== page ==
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Do you edit your photos before uploading to ZooChat? And how?

Discussion in 'Animal Photography' started by LaughingDove, 6 Mar 2015.

  1. LaughingDove

    LaughingDove Well-Known Member

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    So, I had a search through the forums and couldn't seen any discussions about this and I was wondering what people do to their photos before they upload them. I realise of course that different people will do different things so I am interested in what you do.

    I don't actually do very much at all with my photos. My camera takes them as jpegs so I just copy them to my computer from an SD card and basically upload just them. Of course I sort through my photos and only upload the best ones. I sometimes watermark them (I really ought to be more consistent in this respect because I sometimes add watermarks and sometimes don't) and if it is necessary then I crop them. I don't do anything else.

    So what do you do to your photos?

    :)
     
  2. savethelephant

    savethelephant Well-Known Member

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    I use Picassa.
     
  3. Chlidonias

    Chlidonias Moderator Staff Member

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    I do nothing, except sometimes I crop them if needed.
     
  4. Hix

    Hix Wildlife Enthusiast and Lover of Islands Premium Member

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    I take my photos in RAW, although my little IXUS compact only does jpegs, and I only use that for wide/ landscape photos.

    I usually tweak exposure and crop the RAW images in Lightroom, save them as jpegs, and then compress them. They load more easily when compressed.

    :p

    Hix
     
  5. gentle lemur

    gentle lemur Well-Known Member

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    I always shoot RAW (called .nef files by Nikon). Then I download the images with Nikon View NX2, delete the useless ones and backup the rest to separate drive. I now use Nikon Capture NXD for raw conversion on selected images and then save them as uncompressed .tif files. Finally I use Photoshop CS5 to crop, resize and edit the images before saving them as .jpg files for the web.
    This might seem complicated, but it gives me full control of my images.

    Alan
     
  6. Arizona Docent

    Arizona Docent Moderator Staff Member

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    At the very least I downsize the images quite a bit. For general views of enclosures, that is all. For animal shots I sometimes process them in Photoshop Elements, cropping at least, and sometimes using the filter effects in the Plugin software Nik Color Efex. If it is a "good" animal shot I will watermark it.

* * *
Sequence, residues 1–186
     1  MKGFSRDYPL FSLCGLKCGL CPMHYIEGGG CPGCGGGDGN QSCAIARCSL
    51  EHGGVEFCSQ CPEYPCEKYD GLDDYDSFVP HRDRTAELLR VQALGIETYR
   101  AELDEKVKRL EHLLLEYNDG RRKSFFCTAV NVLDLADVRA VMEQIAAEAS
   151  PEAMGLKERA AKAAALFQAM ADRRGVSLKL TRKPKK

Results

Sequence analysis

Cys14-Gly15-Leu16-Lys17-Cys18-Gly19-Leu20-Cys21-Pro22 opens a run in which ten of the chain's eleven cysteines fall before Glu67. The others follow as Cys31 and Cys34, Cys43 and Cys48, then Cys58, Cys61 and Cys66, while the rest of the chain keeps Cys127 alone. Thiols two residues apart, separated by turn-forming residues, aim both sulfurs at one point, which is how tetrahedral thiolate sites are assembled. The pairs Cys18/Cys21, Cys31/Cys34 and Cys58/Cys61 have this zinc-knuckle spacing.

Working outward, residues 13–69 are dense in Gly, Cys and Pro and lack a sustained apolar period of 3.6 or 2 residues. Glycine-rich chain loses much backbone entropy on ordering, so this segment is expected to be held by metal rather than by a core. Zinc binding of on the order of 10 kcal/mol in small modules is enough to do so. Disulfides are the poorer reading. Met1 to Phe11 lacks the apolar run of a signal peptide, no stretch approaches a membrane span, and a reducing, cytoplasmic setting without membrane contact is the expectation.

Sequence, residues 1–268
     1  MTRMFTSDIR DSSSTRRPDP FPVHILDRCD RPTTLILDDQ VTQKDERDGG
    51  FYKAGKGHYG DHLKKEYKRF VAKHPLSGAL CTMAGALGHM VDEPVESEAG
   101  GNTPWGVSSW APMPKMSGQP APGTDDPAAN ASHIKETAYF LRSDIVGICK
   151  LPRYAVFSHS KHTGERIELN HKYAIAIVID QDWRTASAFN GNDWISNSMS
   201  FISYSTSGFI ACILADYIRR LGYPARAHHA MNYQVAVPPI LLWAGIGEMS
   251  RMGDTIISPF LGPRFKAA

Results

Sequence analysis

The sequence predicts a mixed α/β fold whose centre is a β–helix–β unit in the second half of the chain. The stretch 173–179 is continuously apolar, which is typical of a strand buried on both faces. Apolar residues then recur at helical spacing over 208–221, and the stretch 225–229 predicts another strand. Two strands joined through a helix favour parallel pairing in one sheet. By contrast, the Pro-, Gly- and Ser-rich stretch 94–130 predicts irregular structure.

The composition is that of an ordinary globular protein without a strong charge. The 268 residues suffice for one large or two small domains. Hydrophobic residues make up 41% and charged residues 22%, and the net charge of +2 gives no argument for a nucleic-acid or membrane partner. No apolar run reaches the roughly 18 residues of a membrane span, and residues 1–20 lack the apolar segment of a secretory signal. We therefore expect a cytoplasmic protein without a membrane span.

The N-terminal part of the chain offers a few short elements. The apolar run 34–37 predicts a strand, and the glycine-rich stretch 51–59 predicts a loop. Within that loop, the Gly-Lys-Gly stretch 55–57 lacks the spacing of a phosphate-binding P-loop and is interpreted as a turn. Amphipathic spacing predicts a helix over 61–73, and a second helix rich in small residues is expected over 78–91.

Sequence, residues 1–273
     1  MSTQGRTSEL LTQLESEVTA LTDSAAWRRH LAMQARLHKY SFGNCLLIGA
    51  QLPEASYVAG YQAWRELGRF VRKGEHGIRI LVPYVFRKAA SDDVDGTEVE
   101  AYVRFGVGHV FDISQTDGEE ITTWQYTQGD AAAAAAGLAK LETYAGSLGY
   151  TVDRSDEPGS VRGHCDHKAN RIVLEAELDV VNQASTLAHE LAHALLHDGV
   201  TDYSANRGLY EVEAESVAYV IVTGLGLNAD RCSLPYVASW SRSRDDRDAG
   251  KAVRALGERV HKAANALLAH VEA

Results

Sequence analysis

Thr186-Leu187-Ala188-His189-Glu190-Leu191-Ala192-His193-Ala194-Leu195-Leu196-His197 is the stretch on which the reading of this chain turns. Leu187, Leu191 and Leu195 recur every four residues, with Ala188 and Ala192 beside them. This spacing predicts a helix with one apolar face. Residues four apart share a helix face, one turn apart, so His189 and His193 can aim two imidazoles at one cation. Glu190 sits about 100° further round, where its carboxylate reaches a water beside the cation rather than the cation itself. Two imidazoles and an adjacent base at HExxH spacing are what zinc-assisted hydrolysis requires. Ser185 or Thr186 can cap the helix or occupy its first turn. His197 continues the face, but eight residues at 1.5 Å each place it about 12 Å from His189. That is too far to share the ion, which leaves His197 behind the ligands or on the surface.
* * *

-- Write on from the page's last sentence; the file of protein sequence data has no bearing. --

7. Oddernod

    Oddernod Active Member

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    I live and die by Lightroom - cropping, color, anything I can do to save my less than stellar photo-taking skills.
     
  8. LaughingDove

    LaughingDove Well-Known Member

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    Thank you all for replying, it is very interesting with almost opposite extremes for some.
     
  9. Jackwow

    Jackwow Well-Known Member

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    I'm the same, cropping when needed and nothing else.

    Of course if I knew how to do something else I might do it! :D
     
  10. Moebelle

    Moebelle Well-Known Member

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    As it was just partially revealed about my editing methods on one of my recent photos, I use Google+ to edit all of my photos and not one doesn't go through that process before it is posted. First I'll add both a touch of Brightness and Saturation, then add a great amount of Detail to thicken and reveal each line, then I'll add a Center Focus to not only add a shade to the outlines but it will lighten the center, then depending on the species (tall/large animals, outdoor animals), and if I don't feel that the photo holds enough vibrance I will turn to the HDR scale. Example below.
     

    Attached Files:

    Last edited: 20 Apr 2015
  11. NigeW

    NigeW Well-Known Member

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    If shooting with a DSLR, you really have to do a little bit of post processing because it isn't done in camera to the same extent that it is in compacts and bridge cameras.

    They don't make too many assumptions on your behalf, which I appreciate.

    I don't do a lot. Using Photoshop Elements, I do levels first, usually bringing black and white in therefore increasing contrast and saturation a little, then I'll either crop or resize the image to 1024px x 683px if posting on here, then apply a tad of sharpening using Unsharp Mask. A few very quick steps that make a big difference to the image.